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Grant County Health District, board issue plea to residents

by EMILY THORNTON
Assistant Managing Editor | August 13, 2021 1:05 AM

The Grant County Health District and Grant County Board of Health on Thursday issued an impassioned plea to residents about the delta variant and “recent COVID-19 surge.”

The message said the delta variant “has dramatically changed the COVID-19 pandemic in Washington state and in Grant County,” and the “pandemic remains a race between an increasingly infectious and changing virus and administering the vaccines, which offer high levels of protection against severe disease.” It also said the variant was more infectious and those infected had more of it in their respiratory system, which would lead to more infected particles being released.

Misty Aguilar, public information officer for the GCHD wrote in an email to the Herald it was “hard to know,” how many people were infected with the variant in the county, and “some samples get sent to a sequencing lab to find out what strain of the virus they have. And that takes some time.”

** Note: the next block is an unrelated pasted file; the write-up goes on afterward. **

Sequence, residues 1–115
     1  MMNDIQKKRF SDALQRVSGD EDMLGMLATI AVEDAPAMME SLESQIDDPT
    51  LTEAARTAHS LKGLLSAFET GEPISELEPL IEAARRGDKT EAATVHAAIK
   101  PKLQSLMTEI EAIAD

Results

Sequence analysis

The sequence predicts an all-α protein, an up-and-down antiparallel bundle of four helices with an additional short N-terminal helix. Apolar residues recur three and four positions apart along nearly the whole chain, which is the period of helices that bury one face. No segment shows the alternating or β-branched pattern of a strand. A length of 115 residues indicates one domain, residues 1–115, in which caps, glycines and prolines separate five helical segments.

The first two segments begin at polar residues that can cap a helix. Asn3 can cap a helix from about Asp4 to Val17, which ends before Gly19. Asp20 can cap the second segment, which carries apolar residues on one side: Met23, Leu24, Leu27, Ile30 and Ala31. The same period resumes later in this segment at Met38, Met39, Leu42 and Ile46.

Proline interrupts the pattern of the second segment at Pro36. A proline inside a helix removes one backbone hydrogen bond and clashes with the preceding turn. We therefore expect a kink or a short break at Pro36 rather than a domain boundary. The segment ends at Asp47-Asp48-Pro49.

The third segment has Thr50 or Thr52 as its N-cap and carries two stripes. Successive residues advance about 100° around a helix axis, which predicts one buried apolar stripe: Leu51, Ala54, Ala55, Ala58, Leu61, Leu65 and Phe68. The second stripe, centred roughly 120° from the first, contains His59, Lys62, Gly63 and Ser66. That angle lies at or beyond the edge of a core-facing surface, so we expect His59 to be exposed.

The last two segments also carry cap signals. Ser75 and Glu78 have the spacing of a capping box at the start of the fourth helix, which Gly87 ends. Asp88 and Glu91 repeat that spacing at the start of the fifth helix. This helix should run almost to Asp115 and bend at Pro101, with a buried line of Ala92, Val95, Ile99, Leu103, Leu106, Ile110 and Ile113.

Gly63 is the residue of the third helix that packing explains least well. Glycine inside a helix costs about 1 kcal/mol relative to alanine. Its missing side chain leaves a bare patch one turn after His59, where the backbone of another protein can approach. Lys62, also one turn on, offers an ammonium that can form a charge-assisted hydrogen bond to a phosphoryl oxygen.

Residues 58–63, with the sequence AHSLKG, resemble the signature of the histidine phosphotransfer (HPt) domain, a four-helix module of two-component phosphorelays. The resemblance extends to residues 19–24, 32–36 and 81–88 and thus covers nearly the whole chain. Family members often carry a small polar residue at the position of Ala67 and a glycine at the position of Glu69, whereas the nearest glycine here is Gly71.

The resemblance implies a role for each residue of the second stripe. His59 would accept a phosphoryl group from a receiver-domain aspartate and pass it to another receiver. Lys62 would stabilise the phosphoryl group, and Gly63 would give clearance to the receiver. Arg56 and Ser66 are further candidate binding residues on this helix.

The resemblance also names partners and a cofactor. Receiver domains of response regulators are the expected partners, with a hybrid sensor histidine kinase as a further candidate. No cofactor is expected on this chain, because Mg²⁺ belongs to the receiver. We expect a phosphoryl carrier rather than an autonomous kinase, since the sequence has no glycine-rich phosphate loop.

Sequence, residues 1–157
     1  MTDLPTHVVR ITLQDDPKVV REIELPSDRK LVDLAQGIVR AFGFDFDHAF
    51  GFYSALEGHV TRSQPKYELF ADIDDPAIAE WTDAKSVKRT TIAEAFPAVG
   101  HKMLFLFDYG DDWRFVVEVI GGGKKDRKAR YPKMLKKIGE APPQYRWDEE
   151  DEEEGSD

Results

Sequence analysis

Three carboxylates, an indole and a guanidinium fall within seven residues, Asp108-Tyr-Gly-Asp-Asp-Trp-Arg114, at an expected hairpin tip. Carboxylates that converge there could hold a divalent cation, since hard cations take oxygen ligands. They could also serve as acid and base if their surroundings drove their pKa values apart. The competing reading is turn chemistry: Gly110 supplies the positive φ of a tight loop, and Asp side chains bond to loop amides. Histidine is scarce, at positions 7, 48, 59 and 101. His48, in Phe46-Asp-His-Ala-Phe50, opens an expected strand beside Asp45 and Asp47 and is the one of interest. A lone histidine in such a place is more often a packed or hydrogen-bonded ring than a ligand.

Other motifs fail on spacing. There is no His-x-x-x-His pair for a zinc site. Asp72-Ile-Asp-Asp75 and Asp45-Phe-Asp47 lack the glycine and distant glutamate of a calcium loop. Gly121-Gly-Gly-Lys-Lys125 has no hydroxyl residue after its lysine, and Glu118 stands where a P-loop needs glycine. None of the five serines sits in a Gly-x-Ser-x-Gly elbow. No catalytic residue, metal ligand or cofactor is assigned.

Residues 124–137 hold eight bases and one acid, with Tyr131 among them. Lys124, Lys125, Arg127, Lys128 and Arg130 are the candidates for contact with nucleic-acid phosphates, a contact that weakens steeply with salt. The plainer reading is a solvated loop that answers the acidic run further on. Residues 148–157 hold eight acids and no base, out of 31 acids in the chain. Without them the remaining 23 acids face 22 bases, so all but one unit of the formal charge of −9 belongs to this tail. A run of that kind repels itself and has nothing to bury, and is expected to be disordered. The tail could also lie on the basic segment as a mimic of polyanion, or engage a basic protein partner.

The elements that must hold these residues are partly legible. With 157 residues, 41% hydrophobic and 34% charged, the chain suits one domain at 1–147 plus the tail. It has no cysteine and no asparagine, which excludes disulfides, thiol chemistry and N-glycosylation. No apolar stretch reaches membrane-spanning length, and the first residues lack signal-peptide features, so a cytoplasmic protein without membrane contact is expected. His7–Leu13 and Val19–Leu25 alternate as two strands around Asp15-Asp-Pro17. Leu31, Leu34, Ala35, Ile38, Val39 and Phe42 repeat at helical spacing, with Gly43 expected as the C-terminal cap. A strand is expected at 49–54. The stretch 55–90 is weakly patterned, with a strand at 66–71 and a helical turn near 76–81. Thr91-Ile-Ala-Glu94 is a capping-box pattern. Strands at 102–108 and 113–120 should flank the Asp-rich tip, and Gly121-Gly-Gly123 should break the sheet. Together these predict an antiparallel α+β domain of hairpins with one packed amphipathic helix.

The U.S. Centers for Disease Control and Prevention COVID Data Tracker reported 348 new COVID-19 cases Wednesday in the county in the last seven days, which was a 108% increase.

The GCHD and board also urged residents to get vaccinated and everyone to mask indoors and in crowded situations outdoors, regardless of vaccination.

Beyond that, the district and board’s message included asking people to get screened for COVID-19 at all indoor and outdoor entertainment venues.

Additionally, the message said the health care system “we have all worked so hard to protect, is stretched and facing a possible collapse if the situation does not change rapidly.”

However, the CDC reported only four new hospital admissions for COVID-19 in the past seven days in Grant County, which was a 69% decrease. It also said the percentage of beds for COVID-19 patients was up less than 1% Tuesday, or 1.69% of all beds, and ICU beds had a 17% increase, or 32% of beds being used.

The Herald reported in December that Samaritan Hospital’s ICU had 12 beds.

Samaritan, along with other hospitals in the state, had surge plans in place should they become necessary. Though Samaritan is licensed to house 50 inpatients, the state at the start of the pandemic required the organization to create a contingency plan to house up to 200.

Samaritan had a plan to convert everything from office space and recovery areas in the operating rooms into bed space, should the surge plan be activated. Those plans would be activated if the hospital reached 44 beds filled overall or 29 filled with coronavirus cases, said Dr. Andrea Carter, chief medical officer at Samaritan, in an earlier interview.

But a surge in hospital beds won’t be sufficient without trained medical workers to staff them and the ICU requires more staffing than normal, said Julie Nishida, a registered nurse and house supervisor at the hospital, in an earlier interview.